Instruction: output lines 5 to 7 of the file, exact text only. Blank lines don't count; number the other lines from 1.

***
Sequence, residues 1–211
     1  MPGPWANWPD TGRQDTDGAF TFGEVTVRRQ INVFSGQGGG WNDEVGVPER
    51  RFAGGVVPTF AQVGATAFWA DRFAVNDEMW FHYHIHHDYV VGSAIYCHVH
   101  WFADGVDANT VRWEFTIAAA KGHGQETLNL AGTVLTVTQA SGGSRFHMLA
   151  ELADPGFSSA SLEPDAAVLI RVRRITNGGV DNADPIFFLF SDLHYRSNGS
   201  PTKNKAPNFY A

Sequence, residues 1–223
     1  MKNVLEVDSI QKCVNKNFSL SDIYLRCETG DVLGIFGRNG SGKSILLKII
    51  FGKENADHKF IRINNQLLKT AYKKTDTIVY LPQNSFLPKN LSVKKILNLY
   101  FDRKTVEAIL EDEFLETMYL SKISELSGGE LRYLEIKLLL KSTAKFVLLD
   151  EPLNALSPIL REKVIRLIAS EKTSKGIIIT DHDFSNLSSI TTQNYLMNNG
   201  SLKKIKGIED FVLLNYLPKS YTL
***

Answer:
   151  ELADPGFSSA SLEPDAAVLI RVRRITNGGV DNADPIFFLF SDLHYRSNGS
   201  PTKNKAPNFY A

Sequence, residues 1–223